In this series, we’ve been discussing your child’s first speech therapy visit. So far you’ve learned what goes on during this evaluation visit and what to bring with you. You may have a lot on your mind at the first visit , and it may help to have questions in mind ahead of time. The following are just a few of the questions you’ll want to ask, but remember that you know your child best. So you may have additional questions based on your child’s needs and your family’s situation. Five questions I recommend you ask the speech therapist are
- What are the results of my child’s testing?
- What is my child’s prognosis?
- What is the recommended frequency and intensity of services?
- In what setting will services be provided (home, clinic, daycare, etc.)?
- When will we reexamine my child’s progress?
1. What are the results of my child’s testing?
Right off the bat, you will probably want to ask the SLP if your child is now eligible for services. Since much of the direct testing will involve your child answering a certain number of questions incorrectly before discontinuing testing, parents sometimes feel their child did worse than they actually did. Starting off with a question like this will help you understand the next steps. If your child is not eligible, your speech therapist may recommend a few things you can work on at home with your child. If the SLP doesn’t bring it up, ask.
If your child is eligible, ask your SLP to explain to you the criteria used to make your child eligible. Depending on the program your SLP works in, they may have certain criteria they need to adhere to. Some programs may use a percent delay, while others use a standard score or percentiles. No matter which criteria they use, they have one thing in common – they all compare your child’s results to other kids the same age.
Many programs will also be able to use “clinical judgment” to make a child eligible for services. This is done when the child’s results do not meet the cut-off scores for services, but the SLP has other – often more subjective – evidence that a child would still benefit from therapy.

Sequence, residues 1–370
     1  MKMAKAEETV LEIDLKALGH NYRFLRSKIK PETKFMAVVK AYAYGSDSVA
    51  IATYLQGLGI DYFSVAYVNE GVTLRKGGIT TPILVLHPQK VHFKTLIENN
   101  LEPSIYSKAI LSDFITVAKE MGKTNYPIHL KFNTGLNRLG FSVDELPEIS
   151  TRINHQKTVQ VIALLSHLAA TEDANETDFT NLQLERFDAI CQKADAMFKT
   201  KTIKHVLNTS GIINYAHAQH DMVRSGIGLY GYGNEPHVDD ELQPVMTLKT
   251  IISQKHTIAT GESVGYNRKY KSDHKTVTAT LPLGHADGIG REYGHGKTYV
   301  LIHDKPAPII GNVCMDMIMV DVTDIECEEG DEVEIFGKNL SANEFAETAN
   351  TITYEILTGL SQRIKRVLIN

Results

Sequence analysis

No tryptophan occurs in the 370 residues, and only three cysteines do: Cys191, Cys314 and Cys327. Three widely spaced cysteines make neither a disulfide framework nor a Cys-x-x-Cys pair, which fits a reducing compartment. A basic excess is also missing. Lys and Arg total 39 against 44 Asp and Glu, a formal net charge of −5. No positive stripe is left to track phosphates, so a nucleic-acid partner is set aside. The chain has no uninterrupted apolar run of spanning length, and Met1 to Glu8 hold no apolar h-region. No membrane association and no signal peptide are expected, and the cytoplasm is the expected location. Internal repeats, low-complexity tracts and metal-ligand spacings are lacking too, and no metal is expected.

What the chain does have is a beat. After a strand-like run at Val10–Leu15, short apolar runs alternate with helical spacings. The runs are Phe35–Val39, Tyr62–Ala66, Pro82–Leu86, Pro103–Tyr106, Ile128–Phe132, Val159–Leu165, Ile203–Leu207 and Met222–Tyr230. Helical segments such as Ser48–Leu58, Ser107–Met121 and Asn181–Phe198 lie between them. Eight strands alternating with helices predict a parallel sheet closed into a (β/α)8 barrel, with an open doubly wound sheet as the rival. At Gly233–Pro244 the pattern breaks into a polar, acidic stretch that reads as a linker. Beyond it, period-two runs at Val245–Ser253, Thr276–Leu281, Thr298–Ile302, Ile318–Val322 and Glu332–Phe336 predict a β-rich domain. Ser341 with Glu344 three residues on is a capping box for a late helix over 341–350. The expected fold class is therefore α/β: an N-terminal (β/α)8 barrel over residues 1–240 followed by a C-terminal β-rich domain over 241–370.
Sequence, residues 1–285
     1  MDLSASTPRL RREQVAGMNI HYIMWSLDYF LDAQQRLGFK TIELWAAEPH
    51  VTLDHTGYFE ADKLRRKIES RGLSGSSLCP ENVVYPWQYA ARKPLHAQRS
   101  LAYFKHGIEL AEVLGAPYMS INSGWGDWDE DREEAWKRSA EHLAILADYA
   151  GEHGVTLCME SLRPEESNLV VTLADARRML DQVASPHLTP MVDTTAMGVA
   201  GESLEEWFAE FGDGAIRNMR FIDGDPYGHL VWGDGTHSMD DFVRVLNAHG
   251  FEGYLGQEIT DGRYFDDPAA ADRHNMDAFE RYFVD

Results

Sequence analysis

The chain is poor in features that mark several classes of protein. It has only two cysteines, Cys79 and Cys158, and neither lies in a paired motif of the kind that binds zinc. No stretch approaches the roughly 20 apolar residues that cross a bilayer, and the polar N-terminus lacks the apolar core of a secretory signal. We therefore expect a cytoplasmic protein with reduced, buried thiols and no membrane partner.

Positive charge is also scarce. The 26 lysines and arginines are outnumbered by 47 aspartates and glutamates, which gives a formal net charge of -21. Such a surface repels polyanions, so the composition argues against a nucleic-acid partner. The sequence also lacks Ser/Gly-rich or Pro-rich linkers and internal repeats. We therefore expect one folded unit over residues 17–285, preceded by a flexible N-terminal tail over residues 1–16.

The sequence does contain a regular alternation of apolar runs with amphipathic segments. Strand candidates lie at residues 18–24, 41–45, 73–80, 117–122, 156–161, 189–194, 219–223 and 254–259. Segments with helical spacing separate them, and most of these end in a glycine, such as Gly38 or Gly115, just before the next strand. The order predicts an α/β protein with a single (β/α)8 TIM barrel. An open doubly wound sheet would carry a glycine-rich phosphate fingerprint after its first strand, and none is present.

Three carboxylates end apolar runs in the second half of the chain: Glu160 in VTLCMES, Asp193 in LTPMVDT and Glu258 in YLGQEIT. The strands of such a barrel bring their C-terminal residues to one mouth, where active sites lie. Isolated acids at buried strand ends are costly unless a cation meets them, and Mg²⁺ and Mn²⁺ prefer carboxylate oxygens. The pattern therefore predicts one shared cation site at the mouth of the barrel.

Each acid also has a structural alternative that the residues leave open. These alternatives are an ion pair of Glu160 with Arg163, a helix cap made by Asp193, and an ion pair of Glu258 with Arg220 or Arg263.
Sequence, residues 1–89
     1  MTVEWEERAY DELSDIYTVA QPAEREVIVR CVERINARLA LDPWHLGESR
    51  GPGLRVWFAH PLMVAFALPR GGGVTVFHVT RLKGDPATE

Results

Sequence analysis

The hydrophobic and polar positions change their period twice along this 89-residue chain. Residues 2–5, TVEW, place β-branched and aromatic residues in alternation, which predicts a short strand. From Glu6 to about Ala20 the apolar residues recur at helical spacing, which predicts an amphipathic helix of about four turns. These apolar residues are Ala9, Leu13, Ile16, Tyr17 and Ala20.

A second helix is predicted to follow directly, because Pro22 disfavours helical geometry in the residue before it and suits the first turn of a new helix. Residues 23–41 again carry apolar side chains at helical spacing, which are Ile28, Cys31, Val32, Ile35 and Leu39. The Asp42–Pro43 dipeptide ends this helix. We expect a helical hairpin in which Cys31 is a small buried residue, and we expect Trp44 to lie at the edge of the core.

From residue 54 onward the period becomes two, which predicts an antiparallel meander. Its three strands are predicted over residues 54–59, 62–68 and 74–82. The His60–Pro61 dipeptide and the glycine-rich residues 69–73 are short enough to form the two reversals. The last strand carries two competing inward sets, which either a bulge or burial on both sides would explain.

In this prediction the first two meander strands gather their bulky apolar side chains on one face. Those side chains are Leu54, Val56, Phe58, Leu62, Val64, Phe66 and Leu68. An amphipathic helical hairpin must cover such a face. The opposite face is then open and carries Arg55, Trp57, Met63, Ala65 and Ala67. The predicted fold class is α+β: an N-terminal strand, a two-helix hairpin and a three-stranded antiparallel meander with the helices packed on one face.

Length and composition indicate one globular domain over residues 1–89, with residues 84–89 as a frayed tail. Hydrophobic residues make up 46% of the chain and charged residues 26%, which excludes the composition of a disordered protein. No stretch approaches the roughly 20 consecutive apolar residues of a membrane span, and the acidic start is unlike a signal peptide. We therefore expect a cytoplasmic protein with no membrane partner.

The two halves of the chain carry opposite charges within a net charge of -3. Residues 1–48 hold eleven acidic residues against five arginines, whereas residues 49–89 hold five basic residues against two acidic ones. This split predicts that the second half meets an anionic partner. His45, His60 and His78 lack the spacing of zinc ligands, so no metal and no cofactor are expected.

2. What is my child’s prognosis?
Most of the time, when your SLP goes over your child’s results, they will describe the extent of your child’s delay using words such as mild, moderate, severe, or profound. You may want to also ask the speech therapist’s personal clinical opinion on how treatable your child’s issue is. Some children’s test results may originally be described as severe; however, the SLP may say that your child’s particular issue is relatively treatable. Other areas of difficulty may not have greatly affected your child’s test results, but may require more time or a greater intensity of therapy to address.
3. What is the recommended frequency and intensity of services?
Next, you’ll want to know how long and how often your child will receive services. You may initially think more is better, but that is not always the case. Depending on the types of speech, language or feeding concerns your child is demonstrating, fewer but longer sessions may be recommended and more beneficial. Some children need longer sessions to warm up before diving into the harder work in their sessions. Other kids need lots of little breaks in between activities to benefit from each area they’re working on. In other cases, shorter, but more frequent sessions may be required to make a difference in your child’s skills. Shorter, more frequent sessions may be good for children with attention issues, children who fatigue easily, or children who may have a hard time retaining information they are learning from session to session. It’s always okay to ask the SLP to explain their rationale for how often and how long your child will be in therapy.